Then we saw certain groups staying, and there was frequent collaboration. In particular, this group from Steelcase, the furniture company. And another, which was focusing on solutions for the workplace. So we saw them in our stats, and we reached out to them to understand better. And we realized that they were not just taking advantage of the open space that the whiteboard provides, but they were adding some methodology to it.

They were not just randomly adding thoughts. They were constructing a journey map. They were putting some prioritization. They were synthesizing user research. So they were, they were using it for the methodology and not for the malleability of the whiteboard. They were not drawing pictures of cats, they were building frameworks.

So alignment diagrams help them understand or share ideas with each other. And they were following a procedure. So then we said, okay, we need to be four teams that care about the same thing. That’s what we learned, but way back when. So that was the first zoom-in, right? So teams, yes, need a whiteboard. But in a particular practice, some form of structure and methodology. 

Immediately after that, like three months later, we got an introduction from Tim Brown, former CEO at IDEO to Phil Gilbert, now former General Manager for Design at IBM. And design groups in some companies are in charge of bringing in designers, teaching them the way of product management, but also helping the rest of the company remove the antibodies for good product design, embrace design, understand how a designer thinks and works, and so forth.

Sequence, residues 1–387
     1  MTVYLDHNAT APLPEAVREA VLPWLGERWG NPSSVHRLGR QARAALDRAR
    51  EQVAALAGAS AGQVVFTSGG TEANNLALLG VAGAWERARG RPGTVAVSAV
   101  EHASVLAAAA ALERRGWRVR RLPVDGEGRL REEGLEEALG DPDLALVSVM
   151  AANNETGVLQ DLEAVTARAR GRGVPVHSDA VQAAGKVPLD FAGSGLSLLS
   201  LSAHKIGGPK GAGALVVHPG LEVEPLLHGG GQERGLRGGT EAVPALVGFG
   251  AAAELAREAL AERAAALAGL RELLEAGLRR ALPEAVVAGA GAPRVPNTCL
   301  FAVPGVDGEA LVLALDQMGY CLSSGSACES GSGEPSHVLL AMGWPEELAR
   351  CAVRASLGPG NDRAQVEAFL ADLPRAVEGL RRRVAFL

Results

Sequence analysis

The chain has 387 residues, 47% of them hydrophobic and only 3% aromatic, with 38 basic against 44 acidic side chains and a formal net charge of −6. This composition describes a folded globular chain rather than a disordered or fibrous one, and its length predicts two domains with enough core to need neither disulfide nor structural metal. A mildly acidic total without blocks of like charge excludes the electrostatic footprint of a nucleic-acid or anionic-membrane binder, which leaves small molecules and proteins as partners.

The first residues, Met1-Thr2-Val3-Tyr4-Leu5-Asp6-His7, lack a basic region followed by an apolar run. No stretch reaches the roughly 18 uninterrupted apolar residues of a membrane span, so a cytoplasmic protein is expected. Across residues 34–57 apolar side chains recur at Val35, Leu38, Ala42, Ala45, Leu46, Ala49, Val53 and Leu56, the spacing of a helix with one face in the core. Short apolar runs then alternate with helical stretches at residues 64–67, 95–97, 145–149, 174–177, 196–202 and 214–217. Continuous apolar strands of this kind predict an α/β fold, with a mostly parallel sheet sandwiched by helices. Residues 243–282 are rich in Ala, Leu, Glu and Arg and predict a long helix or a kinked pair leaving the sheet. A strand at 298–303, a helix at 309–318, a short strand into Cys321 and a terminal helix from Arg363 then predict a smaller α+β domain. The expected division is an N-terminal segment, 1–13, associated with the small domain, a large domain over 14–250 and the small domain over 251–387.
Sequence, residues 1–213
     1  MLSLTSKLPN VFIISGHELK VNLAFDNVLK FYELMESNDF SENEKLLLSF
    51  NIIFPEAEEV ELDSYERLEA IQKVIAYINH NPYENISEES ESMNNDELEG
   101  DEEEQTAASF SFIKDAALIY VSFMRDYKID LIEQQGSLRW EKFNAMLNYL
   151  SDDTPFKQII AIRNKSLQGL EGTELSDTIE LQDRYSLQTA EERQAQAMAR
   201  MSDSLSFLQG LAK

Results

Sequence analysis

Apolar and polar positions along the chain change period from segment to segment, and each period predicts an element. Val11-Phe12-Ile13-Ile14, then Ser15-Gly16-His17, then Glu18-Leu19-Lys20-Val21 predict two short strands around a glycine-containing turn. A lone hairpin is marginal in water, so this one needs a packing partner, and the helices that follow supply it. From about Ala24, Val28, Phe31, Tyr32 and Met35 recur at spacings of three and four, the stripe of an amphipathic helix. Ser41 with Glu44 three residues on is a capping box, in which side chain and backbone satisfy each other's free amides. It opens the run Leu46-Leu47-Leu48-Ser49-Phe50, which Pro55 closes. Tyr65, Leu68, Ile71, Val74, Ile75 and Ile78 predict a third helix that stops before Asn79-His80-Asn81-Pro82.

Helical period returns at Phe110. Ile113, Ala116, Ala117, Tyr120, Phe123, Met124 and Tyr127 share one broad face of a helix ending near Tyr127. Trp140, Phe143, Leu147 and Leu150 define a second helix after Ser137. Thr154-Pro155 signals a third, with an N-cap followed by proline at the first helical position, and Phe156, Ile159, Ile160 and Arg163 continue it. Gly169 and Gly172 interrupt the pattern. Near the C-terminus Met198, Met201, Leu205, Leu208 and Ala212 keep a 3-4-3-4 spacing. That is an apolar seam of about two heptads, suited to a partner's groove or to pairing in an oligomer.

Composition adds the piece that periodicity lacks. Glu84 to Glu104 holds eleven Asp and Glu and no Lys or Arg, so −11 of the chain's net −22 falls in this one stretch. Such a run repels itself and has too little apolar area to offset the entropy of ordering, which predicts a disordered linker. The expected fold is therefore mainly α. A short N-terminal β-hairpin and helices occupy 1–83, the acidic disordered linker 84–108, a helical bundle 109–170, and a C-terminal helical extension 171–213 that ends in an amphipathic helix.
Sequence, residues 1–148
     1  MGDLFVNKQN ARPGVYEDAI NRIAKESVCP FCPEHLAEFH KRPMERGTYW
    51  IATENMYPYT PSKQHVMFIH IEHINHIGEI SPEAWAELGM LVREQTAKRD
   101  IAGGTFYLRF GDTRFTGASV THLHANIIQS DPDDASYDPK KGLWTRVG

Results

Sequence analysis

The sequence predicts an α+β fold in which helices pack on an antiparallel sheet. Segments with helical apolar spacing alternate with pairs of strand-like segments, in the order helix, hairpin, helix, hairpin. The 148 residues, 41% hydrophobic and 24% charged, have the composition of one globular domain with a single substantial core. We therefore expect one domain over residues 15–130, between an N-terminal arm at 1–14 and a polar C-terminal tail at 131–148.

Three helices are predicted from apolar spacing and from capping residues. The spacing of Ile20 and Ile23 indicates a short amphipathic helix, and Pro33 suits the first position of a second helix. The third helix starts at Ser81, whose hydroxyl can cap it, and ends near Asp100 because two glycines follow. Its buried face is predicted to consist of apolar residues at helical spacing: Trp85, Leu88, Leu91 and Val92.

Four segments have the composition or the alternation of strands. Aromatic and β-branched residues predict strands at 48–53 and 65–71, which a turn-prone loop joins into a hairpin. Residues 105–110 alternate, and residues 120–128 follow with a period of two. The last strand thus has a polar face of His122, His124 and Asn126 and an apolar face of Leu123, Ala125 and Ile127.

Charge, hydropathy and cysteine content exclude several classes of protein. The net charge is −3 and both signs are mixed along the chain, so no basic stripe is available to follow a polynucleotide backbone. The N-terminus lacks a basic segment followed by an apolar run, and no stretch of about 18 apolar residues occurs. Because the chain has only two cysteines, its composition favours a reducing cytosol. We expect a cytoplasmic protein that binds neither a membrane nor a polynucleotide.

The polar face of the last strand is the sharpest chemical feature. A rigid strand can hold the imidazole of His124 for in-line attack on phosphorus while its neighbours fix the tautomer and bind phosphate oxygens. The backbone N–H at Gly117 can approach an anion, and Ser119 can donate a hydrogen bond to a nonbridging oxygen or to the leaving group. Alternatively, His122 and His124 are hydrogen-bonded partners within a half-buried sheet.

We talk about imagination a lot, right? Because we believe that anybody that has a brain uses imagination. They might forget at school, they might forget at work, but this colorful, powerful thing that we have here allows us to see the world in a new way. And then we can take action to do something about it, but imagination is needed and visualization to then go and do creation, so actually building a thing, it could be physical, it could be UI, but that’s where the collaboration between business people, product people, and designers should happen.